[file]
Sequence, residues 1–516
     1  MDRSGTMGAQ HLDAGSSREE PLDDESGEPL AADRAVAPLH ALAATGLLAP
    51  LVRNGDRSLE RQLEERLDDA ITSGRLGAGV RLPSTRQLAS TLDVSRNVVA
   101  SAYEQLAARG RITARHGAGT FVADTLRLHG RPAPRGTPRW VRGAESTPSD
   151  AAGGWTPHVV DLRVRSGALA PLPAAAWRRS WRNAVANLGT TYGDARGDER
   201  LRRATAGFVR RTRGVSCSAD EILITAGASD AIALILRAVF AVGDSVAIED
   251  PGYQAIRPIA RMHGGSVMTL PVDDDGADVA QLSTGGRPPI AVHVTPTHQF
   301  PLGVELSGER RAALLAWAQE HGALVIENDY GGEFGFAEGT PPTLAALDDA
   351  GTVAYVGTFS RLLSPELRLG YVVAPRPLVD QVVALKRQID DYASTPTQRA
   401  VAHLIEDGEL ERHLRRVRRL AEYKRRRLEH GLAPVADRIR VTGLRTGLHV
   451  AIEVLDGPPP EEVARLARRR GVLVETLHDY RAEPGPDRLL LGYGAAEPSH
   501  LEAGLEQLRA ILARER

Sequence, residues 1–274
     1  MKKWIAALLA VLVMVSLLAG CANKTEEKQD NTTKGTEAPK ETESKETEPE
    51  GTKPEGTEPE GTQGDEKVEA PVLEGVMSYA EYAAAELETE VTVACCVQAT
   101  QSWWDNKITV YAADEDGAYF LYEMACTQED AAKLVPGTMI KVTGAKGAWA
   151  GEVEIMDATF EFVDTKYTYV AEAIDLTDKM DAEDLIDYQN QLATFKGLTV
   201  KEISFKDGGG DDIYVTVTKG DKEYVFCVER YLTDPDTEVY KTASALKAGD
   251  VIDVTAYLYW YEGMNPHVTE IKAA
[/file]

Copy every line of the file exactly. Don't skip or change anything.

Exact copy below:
Sequence, residues 1–516
     1  MDRSGTMGAQ HLDAGSSREE PLDDESGEPL AADRAVAPLH ALAATGLLAP
    51  LVRNGDRSLE RQLEERLDDA ITSGRLGAGV RLPSTRQLAS TLDVSRNVVA
   101  SAYEQLAARG RITARHGAGT FVADTLRLHG RPAPRGTPRW VRGAESTPSD
   151  AAGGWTPHVV DLRVRSGALA PLPAAAWRRS WRNAVANLGT TYGDARGDER
   201  LRRATAGFVR RTRGVSCSAD EILITAGASD AIALILRAVF AVGDSVAIED
   251  PGYQAIRPIA RMHGGSVMTL PVDDDGADVA QLSTGGRPPI AVHVTPTHQF
   301  PLGVELSGER RAALLAWAQE HGALVIENDY GGEFGFAEGT PPTLAALDDA
   351  GTVAYVGTFS RLLSPELRLG YVVAPRPLVD QVVALKRQID DYASTPTQRA
   401  VAHLIEDGEL ERHLRRVRRL AEYKRRRLEH GLAPVADRIR VTGLRTGLHV
   451  AIEVLDGPPP EEVARLARRR GVLVETLHDY RAEPGPDRLL LGYGAAEPSH
   501  LEAGLEQLRA ILARER

Sequence, residues 1–274
     1  MKKWIAALLA VLVMVSLLAG CANKTEEKQD NTTKGTEAPK ETESKETEPE
    51  GTKPEGTEPE GTQGDEKVEA PVLEGVMSYA EYAAAELETE VTVACCVQAT
   101  QSWWDNKITV YAADEDGAYF LYEMACTQED AAKLVPGTMI KVTGAKGAWA
   151  GEVEIMDATF EFVDTKYTYV AEAIDLTDKM DAEDLIDYQN QLATFKGLTV
   201  KEISFKDGGG DDIYVTVTKG DKEYVFCVER YLTDPDTEVY KTASALKAGD
   251  VIDVTAYLYW YEGMNPHVTE IKAA